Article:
The Right Now Appeal Of Vintage Menswear
How the hunt for vintage has become a kind of luxury.
This summer, both Christie’s and Sotheby’s held sales for a category that, until recently, would have been unthinkable from either prestigious house: used sneakers. While fashion has made appearances across the finer blocks before, it has usually been in the form of couture gowns from the estate of a screen siren or socialite. But with the top lot at Christie’s—a pair of Nike Air Jordans, worn by their namesake—going for a record-breaking US$615,000 (approx. $809,200), these exclusive sneaker sales indicate the emergence of a whole new market of collectible fashion: menswear.
And it’s not just the booming sneaker economy either. Certain stylish men now covet deadstock Brooks Brothers shirts and Levi’s “Big E” jeans with the type of lust formerly reserved for Rolex Daytonas. Vintage menswear, once branded with the stigma of “secondhand,” has emerged as a mark of style connoisseurship. It’s a change that can be traced to a few discerning dealers who have re-contextualised the category as not just wearable but valuable.
Bob Melet, whose Melet Mercantile in Los Angeles is a source for era-spanning designs, was at the forefront of vintage menswear’s image rehabilitation. Unlike dealers of yore, who usually offered a hodgepodge of whatever cast-offs they came across, Melet says his wares have always been about more than just garments. “I deal in authenticity and I deal in cool, which you can’t make.” In 1993, when Melet was showing rare Western and Native American pieces at an antiques show, Ralph Lauren walked up and bought the whole lot—and then hired Melet as the brand’s first vintage buyer, to source pieces both for design inspiration and to be sold in Lauren’s stores.
Lauren has long been the leading patron of the vintage-menswear arts. Take Graham Cassie, who guided Ralph Lauren designers on their frequent research trips to the UK and now puts his expertise on display at London’s Cassie Mercantile, which stocks blue-chip finds from Edwardian rugby shirts to rare military tees—even a sweater worn by Ernest Shackleton on his expedition to the South Pole. Or Sean Crowley, who was working at a vintage shop in Boston when he was recruited to Ralph Lauren; after 11 years, with a stint on the design team, he returned to his first passion, opening Crowley Vintage, in Brooklyn.
“In a world where everything is online, there are no secrets. Just the word ‘luxury’ has become so ubiquitous and, I think, meaningless,” Crowley says. “With vintage, it’s not just about affording it, it’s about the hunt. Vintage has become the kind of ultimate luxury because, if you get it, you’re the only one to have that piece.”
Crowley specialises in tailored clothing with an Anglo bent, such as Savile Row suits and rowing blazers, plus all the accoutrements one would expect from a fine men’s store: shirts, ties, hats, briefcases, cuff links. He also carries many original iterations of styles currently enjoying a renaissance, like hunting jackets and raglan coats. Crowley’s keenly edited selection speaks to both astute collectors and men who simply appreciate design. “I have guys who are 17 and insanely excited about this kind of menswear, all the way up to established captain-of-industry types,” Crowley says. “And everyone in between.”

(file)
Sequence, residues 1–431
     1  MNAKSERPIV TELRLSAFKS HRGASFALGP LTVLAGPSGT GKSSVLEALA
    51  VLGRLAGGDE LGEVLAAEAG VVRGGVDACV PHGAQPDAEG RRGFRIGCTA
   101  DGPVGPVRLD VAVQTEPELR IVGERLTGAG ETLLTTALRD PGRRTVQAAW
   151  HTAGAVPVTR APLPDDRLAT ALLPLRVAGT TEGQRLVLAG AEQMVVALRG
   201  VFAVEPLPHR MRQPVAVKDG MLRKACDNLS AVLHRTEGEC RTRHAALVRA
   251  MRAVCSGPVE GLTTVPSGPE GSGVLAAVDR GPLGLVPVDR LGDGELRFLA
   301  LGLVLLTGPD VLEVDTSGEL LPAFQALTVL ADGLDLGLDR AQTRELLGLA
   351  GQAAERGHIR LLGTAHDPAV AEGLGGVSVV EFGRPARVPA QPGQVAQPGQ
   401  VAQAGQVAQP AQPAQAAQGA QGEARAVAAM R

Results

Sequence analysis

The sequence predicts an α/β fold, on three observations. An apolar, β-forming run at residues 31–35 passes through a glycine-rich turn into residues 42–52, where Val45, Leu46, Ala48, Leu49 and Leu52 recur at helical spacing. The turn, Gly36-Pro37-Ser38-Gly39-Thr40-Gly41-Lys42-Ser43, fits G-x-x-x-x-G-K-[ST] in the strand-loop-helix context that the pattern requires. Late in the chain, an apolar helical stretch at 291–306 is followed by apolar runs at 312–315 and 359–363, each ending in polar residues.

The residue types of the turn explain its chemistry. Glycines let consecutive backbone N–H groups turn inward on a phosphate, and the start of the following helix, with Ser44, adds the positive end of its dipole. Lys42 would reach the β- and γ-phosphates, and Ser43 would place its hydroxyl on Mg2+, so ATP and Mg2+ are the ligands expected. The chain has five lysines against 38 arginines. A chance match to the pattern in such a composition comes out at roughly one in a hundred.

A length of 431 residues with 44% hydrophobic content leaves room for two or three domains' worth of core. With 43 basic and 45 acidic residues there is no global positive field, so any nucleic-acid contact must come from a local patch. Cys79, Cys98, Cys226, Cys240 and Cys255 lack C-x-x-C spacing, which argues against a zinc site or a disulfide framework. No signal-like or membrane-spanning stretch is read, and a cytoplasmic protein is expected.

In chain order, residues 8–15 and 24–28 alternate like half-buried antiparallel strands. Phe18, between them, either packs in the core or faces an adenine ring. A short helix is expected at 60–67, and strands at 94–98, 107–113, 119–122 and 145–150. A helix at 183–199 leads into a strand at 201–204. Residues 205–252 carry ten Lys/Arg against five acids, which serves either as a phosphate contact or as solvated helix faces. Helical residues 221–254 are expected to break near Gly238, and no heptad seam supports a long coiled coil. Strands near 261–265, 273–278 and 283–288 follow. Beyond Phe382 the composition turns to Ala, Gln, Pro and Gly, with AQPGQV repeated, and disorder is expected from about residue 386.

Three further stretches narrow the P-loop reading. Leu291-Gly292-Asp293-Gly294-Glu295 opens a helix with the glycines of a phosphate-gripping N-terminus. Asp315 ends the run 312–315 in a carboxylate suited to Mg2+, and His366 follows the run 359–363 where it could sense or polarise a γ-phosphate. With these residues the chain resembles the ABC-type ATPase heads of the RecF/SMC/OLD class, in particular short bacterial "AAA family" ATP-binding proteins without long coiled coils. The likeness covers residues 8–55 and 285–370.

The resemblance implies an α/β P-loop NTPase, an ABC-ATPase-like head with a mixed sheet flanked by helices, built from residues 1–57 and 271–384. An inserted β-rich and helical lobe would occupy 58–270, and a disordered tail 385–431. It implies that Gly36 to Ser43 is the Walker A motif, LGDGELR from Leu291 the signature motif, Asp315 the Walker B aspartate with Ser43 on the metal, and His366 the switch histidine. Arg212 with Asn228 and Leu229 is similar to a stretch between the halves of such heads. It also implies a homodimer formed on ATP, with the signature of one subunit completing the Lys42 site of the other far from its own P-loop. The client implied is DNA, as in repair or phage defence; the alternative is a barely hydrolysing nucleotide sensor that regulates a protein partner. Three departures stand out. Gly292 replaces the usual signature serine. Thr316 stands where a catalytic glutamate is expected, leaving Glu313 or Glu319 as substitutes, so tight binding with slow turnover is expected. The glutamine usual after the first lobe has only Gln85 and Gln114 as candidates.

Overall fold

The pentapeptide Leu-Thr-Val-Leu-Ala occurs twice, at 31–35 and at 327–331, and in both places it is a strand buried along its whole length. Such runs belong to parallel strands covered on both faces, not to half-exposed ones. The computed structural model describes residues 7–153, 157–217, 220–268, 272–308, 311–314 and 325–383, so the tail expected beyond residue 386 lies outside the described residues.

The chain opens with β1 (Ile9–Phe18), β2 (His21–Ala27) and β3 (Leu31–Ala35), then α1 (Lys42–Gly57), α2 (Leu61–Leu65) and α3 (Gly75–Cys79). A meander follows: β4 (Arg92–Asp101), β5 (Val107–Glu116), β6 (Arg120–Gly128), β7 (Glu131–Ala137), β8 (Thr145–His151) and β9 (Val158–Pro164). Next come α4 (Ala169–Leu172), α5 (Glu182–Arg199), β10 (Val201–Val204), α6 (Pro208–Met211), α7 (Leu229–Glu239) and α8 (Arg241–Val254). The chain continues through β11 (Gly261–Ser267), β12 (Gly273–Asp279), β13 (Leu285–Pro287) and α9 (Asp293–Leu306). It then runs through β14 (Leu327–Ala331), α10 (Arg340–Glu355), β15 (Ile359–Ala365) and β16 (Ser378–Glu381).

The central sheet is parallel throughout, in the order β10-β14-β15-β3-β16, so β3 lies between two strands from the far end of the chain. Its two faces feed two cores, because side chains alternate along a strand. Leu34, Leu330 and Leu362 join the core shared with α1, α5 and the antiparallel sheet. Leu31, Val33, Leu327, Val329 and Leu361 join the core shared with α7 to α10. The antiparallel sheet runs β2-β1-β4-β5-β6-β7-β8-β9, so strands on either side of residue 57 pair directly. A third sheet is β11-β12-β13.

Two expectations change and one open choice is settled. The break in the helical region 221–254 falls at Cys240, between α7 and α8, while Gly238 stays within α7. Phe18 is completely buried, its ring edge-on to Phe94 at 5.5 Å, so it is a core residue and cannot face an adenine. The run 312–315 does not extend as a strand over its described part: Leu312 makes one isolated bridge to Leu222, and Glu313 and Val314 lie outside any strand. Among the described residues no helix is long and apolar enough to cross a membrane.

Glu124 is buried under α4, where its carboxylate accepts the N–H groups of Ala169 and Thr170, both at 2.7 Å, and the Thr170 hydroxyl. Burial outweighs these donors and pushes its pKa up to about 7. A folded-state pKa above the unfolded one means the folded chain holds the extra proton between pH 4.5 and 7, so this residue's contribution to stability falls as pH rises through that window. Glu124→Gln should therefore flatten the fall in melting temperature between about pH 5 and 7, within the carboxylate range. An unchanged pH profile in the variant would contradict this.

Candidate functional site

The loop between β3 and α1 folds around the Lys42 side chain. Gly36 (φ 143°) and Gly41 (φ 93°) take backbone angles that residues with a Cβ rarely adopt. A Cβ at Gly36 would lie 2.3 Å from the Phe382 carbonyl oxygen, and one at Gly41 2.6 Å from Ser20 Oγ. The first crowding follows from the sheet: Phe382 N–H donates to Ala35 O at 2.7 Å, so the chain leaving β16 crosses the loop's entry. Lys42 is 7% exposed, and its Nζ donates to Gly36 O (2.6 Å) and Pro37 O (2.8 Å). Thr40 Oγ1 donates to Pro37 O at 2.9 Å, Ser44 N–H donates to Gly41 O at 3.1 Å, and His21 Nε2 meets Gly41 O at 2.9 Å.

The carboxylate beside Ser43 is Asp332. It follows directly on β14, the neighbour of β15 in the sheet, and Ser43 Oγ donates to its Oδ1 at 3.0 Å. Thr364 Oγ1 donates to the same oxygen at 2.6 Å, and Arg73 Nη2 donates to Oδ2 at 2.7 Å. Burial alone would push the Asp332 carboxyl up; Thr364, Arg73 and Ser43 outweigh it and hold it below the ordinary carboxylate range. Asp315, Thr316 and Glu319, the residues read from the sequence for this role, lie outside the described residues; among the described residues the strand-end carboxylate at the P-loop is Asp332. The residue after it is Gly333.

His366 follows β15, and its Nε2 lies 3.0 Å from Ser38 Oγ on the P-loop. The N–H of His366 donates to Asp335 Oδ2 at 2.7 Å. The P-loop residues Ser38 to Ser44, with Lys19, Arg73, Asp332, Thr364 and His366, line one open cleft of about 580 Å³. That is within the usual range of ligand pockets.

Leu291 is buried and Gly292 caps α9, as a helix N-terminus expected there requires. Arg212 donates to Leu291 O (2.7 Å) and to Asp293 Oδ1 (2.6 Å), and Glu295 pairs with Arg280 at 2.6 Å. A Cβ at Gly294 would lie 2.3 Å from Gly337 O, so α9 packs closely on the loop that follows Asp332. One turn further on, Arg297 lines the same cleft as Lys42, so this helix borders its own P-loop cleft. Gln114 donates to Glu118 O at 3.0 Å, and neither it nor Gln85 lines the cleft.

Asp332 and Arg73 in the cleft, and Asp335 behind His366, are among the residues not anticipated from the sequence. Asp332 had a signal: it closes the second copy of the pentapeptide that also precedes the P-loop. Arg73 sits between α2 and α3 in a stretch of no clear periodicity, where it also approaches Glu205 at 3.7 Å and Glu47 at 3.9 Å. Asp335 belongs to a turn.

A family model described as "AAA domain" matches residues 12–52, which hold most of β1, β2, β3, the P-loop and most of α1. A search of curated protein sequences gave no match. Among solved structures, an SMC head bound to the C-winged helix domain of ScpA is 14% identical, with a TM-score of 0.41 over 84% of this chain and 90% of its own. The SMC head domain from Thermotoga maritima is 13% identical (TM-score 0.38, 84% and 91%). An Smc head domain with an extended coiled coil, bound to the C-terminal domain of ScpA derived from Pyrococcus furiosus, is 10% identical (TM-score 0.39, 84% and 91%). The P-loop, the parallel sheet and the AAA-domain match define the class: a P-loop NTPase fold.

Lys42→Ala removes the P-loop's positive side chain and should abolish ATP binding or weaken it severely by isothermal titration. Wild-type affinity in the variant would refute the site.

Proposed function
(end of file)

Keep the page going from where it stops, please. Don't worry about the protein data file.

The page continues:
In Paris, Gauthier Borsarello divides his collection between two outlets. Le Vif is a storefront brimming with American-made designs, including Ivy League classics like chinos, oxford-cloth button-down shirts and jeans—all known gateway drugs to vintage fashion—while Gauthier Borsarello Inventory is a by-appointment showroom and online shop focused on notable brands and idiosyncratic finds (say, circa-1980 Dunhill aviators or circa-1970 Lilly Pulitzer print pants). Meanwhile, Seth Weisser and Gerard Maione, cofounders of What Goes Around Comes Around, in New York and Beverly Hills, combine plum picks from both ends of the spectrum, from limited editions from Louis Vuitton and Hermès to rock tees and biker jackets.
Maione says he and Weisser are increasingly converting casual male shoppers to the cult of vintage. “Once we’ve turned them on, they’ll be wearing luxury sneakers with vintage Levi’s and a vintage Hawaiian shirt, put a designer jacket over it and deck it out with a vintage Rolex,” he says. “We offer guys an ability to self-create—that’s one of the things that men’s fashion has been lacking.”
In 1997, the duo sold a pair of the oldest-known Levi’s for a then record US$25,000 (approx. $32,900); while that particular pair wound up at the Levi Strauss company archives in San Francisco, What Goes Around Comes Around carries more wearable (but still highly collectible) Levi’s that range from 1950s “XX” models to later “Big E” and “Red Line” versions. Like vintage watches, each generation of Levi’s has subtle details that distinguish the jeans’ rarity (and corresponding price). Weisser, Maione and their staff walk clients through the distinctions, providing an ad hoc history of fashion. For Maione, the education is half the fun: “That’s where these guys catch the fever and go ‘Oh, I wanna build a whole collection of that.’ ”